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Title: Metabolic Noise and Distinct Subpopulations Observed by Single Cell LAESI Mass Spectrometry of Plant Cells in situ

Abstract

Phenotypic variations and stochastic expression of transcripts, proteins, and metabolites in biological tissues lead to cellular heterogeneity. As a result, distinct cellular subpopulations emerge. They are characterized by different metabolite expression levels and by associated metabolic noise distributions. To capture these biological variations unperturbed, highly sensitive in situ analytical techniques are needed that can sample tissue embedded single cells with minimum sample preparation. Optical fiber-based laser ablation electrospray ionization mass spectrometry (f-LAESI-MS) is a promising tool for metabolic profiling of single cells. Integration of this MS-based platform with fluorescence and brightfield microscopy provides the ability to target single cells of specific type and allows for the selection of rare cells, e.g., excretory idioblasts. Analysis of individual Egeria densa leaf blade cells (n = 103) by f LAESI MS revealed significant differences between the prespecified subpopulations of epidermal cells (n = 97) and excretory idioblasts (n = 6) that otherwise would have been masked by the population average. Primary metabolites, e.g., malate, aspartate, and ascorbate, as well as several glucosides were detected in higher abundance in the epidermal cells. The idioblasts contained lipids, e.g., PG(16:0/18:2), and triterpene saponins, e.g., medicoside I and azukisaponin I, and their isomers. Metabolic noise for themore » epidermal cells were compared to results for soybean (Glycine max) root nodule cells (n = 60) infected by rhizobia (Bradyrhizobium japonicum). Whereas some primary metabolites showed lower noise in the latter, both cell types exhibited higher noise for secondary metabolites. Post-hoc grouping of epidermal and root nodule cells, based on the abundance distributions for certain metabolites (e.g., malate), enabled the discovery of cellular subpopulations characterized by different mean abundance values, and the magnitudes of the corresponding metabolic noise. Comparison of prespecified populations from epidermal cells of the closely related E. densa (n = 20) and Elodea canadensis (n = 20) revealed significant differences, e. g., higher sugar content in the former and higher levels of ascorbate in the latter, and the presence of species-specific metabolites. These results demonstrate that the f-LAESI-MS single cell analysis platform has the potential to explore cellular heterogeneity and metabolic noise for hundreds of tissue-embedded cells.« less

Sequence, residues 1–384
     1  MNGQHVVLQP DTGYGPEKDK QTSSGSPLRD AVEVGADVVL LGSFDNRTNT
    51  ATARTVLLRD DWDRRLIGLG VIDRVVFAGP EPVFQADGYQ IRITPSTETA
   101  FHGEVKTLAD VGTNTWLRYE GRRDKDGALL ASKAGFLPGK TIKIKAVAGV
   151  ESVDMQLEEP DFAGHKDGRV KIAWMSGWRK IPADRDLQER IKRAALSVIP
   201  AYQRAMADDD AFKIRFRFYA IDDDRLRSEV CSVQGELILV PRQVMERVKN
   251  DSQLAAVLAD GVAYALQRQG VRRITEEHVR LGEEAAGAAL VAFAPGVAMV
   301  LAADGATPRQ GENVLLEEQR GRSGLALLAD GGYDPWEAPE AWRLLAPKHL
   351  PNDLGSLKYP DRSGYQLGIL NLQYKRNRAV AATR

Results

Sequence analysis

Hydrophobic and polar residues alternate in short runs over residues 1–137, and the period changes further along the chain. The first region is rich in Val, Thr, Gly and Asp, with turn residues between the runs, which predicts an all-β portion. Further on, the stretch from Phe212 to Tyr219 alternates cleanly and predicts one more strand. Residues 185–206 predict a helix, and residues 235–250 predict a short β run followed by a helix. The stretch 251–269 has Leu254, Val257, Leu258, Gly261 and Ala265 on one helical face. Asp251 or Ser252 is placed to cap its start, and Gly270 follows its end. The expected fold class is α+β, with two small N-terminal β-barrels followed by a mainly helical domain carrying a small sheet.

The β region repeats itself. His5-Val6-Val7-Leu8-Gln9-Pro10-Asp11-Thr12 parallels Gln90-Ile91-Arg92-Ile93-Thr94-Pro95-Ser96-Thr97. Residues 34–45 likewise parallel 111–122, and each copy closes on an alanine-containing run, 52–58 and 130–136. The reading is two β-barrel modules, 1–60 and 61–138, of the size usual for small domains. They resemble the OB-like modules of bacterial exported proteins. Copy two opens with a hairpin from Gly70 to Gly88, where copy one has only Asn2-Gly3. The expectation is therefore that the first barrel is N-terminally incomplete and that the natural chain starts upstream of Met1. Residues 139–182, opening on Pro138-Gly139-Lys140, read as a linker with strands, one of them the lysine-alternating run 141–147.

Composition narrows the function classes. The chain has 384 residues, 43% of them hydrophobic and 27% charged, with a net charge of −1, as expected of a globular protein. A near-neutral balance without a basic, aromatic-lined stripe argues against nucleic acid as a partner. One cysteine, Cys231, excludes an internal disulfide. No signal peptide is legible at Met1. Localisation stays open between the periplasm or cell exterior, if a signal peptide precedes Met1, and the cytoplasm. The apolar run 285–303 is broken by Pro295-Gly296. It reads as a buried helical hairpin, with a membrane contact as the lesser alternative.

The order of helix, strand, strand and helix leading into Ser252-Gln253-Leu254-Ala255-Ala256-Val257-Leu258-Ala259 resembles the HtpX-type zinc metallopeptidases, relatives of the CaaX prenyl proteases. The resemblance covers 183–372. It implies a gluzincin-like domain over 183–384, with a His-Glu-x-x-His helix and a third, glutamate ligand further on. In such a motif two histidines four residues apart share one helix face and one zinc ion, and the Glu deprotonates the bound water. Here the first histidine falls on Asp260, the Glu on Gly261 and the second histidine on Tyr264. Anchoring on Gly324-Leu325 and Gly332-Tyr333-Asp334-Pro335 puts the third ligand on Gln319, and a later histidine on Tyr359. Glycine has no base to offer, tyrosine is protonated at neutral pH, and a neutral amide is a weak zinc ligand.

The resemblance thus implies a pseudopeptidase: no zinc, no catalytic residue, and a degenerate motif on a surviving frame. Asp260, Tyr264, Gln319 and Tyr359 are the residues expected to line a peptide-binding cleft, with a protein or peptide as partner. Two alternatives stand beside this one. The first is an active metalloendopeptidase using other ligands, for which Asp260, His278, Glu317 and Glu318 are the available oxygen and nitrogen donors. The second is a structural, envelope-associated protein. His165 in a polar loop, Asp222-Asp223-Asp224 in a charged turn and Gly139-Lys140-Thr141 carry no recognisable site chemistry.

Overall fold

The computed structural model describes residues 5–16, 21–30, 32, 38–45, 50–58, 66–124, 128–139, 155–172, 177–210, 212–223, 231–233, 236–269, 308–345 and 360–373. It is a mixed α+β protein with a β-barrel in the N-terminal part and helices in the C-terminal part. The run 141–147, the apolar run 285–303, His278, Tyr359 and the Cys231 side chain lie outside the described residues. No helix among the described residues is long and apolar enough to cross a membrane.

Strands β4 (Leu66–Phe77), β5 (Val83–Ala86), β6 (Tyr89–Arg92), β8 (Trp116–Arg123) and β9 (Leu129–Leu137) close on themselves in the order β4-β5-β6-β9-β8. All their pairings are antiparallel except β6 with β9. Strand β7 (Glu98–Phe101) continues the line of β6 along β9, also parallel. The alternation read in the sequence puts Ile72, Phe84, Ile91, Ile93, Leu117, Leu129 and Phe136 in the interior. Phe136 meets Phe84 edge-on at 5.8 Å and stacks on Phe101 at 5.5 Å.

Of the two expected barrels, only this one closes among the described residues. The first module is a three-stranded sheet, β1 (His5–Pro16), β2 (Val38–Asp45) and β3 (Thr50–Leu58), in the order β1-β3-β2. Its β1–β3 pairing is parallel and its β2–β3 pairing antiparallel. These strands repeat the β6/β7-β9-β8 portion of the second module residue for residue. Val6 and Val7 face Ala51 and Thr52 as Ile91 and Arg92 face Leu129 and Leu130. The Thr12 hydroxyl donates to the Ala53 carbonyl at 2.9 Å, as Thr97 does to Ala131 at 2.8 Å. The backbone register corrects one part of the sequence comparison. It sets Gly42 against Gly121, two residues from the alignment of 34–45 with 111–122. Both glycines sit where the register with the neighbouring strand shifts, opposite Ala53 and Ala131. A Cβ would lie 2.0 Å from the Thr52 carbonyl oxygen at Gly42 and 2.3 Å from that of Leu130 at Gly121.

Authors:
 [1];  [1];  [2];  [3];  [3];  [2];  [1]
  1. George Washington Univ., Washington, DC (United States)
  2. Univ. of Missouri, Columbia, MO (United States)
  3. Pacific Northwest National Lab. (PNNL), Richland, WA (United States)
Publication Date:
Research Org.:
Pacific Northwest National Lab. (PNNL), Richland, WA (United States)
Sponsoring Org.:
USDOE Office of Science (SC), Biological and Environmental Research (BER) (SC-23)
OSTI Identifier:
1482272
Alternate Identifier(s):
OSTI ID: 1507727
Report Number(s):
PNNL-SA-137441
Journal ID: ISSN 1664-462X
Grant/Contract Number:  
AC05-76RL01830; SC0013978
Resource Type:
Published Article
Journal Name:
Frontiers in Plant Science
Additional Journal Information:
Journal Volume: 9; Journal ID: ISSN 1664-462X
Publisher:
Frontiers Research Foundation
Country of Publication:
United States
Language:
English
Subject:
54 ENVIRONMENTAL SCIENCES; 59 BASIC BIOLOGICAL SCIENCES

Citation Formats

Stopka, Sylwia A., Khattar, Rikkita, Agtuca, Beverly J., Anderton, Christopher R., Pasa Tolic, Ljiljana, Stacey, Gary, and Vertes, Akos. Metabolic Noise and Distinct Subpopulations Observed by Single Cell LAESI Mass Spectrometry of Plant Cells in situ. United States: N. p., 2018. Web. doi:10.3389/fpls.2018.01646.
Stopka, Sylwia A., Khattar, Rikkita, Agtuca, Beverly J., Anderton, Christopher R., Pasa Tolic, Ljiljana, Stacey, Gary, & Vertes, Akos. Metabolic Noise and Distinct Subpopulations Observed by Single Cell LAESI Mass Spectrometry of Plant Cells in situ. United States. doi:10.3389/fpls.2018.01646.